So hautnah erlebe ich den Tod in Zeiten des Covid-19 nicht, aber ich bleibe trotzdem, wie vom Bundesrat aufgefordert, zu Hause. Du hingegen bist die ganze Zeit unterwegs, als Sekretär, auch als Heiratsvermittler (wobei die Hochzeit wegen der Pest abgesagt werden musste; übrigens passiert meiner Mutter und ihrem neuen Partner genau dasselbe —heute heiraten Leute mit über 70 noch, weißt Du!), nach Woolwich hin und zurück (»All diese wichtigen Personen fürchteten sich vor London, argwöhnisch gegenüber allem, was von dort kommt [...] Ich musste ihnen erzählen, dass ich in Woolwich sesshaft war.«), spielst Billard, schläfst in verschiedensten Gasthäusern. Zu Deinen vielen Beschäftigungen gehören auch Flirten und Seitensprünge mit Schauspielerinnen: Du beschreibst diese liaisons in einer scheinprüden, leicht entzifferbaren Mischung von Spanisch und Französisch.

Gleichzeitig erzählst Du lapidar von dem Aufhäufen der Toten: in der Woche vom 15. Juni »sind an der Pest 112 gestorben, 43 die Woche davor«; am 29. Juni »beträgt die Sterblichkeitsrechnung 267« und »der Hof ist voll von Fuhrwerken und Menschen, die dabei sind, die Stadt zu verlassen«; in der Woche vom 20. Juli sterben 1'089 Menschen und am 31. August sind es bereits 6'102. Am 26. Juli denkst Du daran, ein Testament aufzusetzen.

Woher erfuhrst Du diese Zahlen? Durch die unzuverlässigen searchers of the dead — oft arme, alte Frauen, erkennbar an ihren weißen Stöcken, die in betroffene Haushalte eintreten und deshalb gesondert leben mussten? Hast Du an die Ziffern geglaubt? Hattest Du eine Ahnung, wie viele Leute außerhalb von London der Pest zum Opfer gefallen sind? Die Zahlen sind ungeheuerlich, vor allem im Verhältnis zu einer Stadtbevölkerung von einer halben Million (London zählt heutzutage über 8 Millionen Einwohner!). Ab und zu spürt man Deine Betroffenheit, eine Pause bevor Du Dich anderen Angelegenheiten zuwendest.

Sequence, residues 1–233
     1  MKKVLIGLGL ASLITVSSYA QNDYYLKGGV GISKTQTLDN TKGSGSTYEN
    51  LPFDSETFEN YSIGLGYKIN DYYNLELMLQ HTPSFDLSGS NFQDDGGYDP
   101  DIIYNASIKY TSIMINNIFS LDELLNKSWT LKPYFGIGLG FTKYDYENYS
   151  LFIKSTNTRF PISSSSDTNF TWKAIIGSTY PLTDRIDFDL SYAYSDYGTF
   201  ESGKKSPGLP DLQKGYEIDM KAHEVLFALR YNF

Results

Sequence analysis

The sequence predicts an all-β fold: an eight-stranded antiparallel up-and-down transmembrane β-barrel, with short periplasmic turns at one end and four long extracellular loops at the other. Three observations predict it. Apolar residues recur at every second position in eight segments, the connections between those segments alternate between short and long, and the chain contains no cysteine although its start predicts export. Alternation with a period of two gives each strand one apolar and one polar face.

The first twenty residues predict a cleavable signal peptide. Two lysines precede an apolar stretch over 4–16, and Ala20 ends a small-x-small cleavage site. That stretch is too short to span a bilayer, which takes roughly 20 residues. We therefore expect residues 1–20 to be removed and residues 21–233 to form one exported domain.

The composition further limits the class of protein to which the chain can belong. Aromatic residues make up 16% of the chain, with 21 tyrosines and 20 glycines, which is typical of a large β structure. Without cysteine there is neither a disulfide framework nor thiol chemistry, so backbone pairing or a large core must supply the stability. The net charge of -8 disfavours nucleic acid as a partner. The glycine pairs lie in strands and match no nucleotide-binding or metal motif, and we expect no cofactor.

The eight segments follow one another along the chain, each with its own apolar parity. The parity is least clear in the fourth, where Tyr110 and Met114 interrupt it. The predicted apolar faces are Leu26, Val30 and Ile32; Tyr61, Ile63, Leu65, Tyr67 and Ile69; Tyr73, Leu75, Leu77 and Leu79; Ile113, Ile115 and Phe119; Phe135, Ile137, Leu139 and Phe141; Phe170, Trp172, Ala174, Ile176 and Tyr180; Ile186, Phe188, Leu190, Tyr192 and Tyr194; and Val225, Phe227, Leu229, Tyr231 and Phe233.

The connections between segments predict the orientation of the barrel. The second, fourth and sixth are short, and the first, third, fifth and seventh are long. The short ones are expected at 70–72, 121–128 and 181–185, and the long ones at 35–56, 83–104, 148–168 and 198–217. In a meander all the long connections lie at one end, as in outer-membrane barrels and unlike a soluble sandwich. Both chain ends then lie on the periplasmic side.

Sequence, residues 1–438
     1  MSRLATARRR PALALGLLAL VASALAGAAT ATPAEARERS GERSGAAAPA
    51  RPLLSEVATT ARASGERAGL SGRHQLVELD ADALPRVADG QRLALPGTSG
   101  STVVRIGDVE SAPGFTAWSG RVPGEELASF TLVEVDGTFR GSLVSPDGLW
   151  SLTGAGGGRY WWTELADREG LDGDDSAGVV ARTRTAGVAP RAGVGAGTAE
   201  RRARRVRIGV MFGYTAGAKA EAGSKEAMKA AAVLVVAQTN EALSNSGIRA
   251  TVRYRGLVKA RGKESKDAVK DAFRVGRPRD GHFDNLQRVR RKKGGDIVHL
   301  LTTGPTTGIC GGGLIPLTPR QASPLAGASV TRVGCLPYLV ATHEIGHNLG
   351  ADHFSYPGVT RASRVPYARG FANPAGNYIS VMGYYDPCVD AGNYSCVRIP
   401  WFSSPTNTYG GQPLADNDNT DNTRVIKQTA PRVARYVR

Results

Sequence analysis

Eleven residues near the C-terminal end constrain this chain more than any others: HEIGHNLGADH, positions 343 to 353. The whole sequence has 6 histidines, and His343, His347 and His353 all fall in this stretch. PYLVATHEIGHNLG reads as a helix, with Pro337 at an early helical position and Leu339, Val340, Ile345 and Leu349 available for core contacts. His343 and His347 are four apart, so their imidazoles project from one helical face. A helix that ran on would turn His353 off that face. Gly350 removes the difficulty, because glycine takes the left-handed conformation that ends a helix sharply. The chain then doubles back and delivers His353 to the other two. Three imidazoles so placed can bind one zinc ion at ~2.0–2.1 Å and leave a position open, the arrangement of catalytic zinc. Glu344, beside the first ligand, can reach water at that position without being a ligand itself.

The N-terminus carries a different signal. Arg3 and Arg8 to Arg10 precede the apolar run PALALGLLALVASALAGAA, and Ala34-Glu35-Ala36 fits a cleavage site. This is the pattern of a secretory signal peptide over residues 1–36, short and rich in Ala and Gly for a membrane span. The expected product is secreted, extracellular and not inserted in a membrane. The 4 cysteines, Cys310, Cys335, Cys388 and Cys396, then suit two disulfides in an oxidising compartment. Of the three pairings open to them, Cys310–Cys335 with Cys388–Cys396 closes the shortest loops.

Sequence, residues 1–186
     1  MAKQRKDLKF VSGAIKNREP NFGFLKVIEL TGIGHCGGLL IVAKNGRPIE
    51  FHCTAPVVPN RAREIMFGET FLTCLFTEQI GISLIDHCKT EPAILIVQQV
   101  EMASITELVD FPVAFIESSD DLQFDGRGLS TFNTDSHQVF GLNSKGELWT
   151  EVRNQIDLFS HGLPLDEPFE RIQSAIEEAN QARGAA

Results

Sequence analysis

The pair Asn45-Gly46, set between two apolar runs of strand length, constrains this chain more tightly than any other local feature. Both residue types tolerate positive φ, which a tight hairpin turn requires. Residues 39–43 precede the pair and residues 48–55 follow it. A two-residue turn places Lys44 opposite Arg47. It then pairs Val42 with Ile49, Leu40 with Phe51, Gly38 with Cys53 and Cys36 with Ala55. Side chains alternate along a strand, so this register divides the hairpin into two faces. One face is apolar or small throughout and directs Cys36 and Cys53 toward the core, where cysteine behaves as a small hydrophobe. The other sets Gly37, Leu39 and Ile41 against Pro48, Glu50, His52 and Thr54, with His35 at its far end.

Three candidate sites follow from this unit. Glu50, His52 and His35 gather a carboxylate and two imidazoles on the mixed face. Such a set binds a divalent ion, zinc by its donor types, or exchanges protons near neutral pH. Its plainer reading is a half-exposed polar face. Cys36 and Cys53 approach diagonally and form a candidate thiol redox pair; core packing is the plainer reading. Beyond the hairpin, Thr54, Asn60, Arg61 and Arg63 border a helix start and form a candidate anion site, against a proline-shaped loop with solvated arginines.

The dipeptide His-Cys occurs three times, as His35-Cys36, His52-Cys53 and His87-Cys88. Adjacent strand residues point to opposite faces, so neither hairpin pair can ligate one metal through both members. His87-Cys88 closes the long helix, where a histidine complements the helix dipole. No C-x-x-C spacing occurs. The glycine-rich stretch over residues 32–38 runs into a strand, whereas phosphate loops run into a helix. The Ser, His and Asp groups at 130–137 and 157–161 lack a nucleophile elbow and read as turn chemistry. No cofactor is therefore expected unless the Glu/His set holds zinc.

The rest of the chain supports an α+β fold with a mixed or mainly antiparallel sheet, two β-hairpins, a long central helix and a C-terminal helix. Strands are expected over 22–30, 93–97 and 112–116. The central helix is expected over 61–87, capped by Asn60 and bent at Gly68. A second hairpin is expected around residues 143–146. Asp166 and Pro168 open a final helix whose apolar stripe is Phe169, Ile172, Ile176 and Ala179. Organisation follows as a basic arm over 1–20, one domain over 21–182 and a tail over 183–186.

Wir, Bürger des 21. Jahrhunderts, sind in der Lage, die Zunahme der Infektionsraten und der Totenbilanz jede Minute zu verfolgen, und zwar überall auf der Welt, von Amerika bis zu den Antipoden (die zu Deinen Lebzeiten noch nicht »entdeckt« worden waren). Das Ganze ist sehr bedrückend, aber irgendwie irreal: für Dich muss es noch unverständlicher gewesen sein – unsere Mediziner wissen ja, wie sich Epidemien ausbreiten –und doch hast Du das Abriegeln der Häuser, die Beseitigung der Kadaver, die Verwandlung der Brachen außerhalb der Stadtmauer in Friedhöfe mit Deinen eigenen Augen beobachtet; zum Glück müssen wir das nicht mit ansehen, nur lesen, wie sich lang und schmerzvoll und einsam das Dahinsiechen hinter den Mauern der Krankenhäuser und Altersheime vollzieht.

Und die Welt draußen in den Straßen Londons beschreibst Du so: »Aber wie wenig Leute ich jetzt sehe, und diese laufen wie Menschen, die von der Welt Abschied genommen haben.« Von der Bootsreling aus siehst Du Menschenmengen an Beerdigungen und Scheiterhaufen am Ufer der Themse.

Am 30. September, als die Epidemie schon am Abflauen war, schreibst Du folgendes: »Ich muss sagen, dass, was Freude, Gesundheit und Gewinn betrifft, die letzten drei Monate bei weitem die besten, die ich in einer Periode von zwölf Monaten je erlebt habe [...] außer der großen Pest gab es nichts, was mich martern konnte.«

Die letzte Erwähnung von der Pest im Jahr 1665 lautet am 22. Dezember so: »Das Wetter war frostig kalt diese vergangenen acht oder neun Tage, also hoffen wir in der nächsten Woche auf eine Abnahme des Pest; andernfalls mag Gott uns gnädig sein, denn sonst wird die Pest sicher nächstes Jahr andauern.«

Dann war es aber vorbei, kaum noch eine Spur davon in Deinen Aufzeichnungen. Und das spendet mir Hoffnung, gerade in einer Zeit, als Regierungen hier eine allmähliche Lockerung der Ausgangssperre in Aussicht stellen.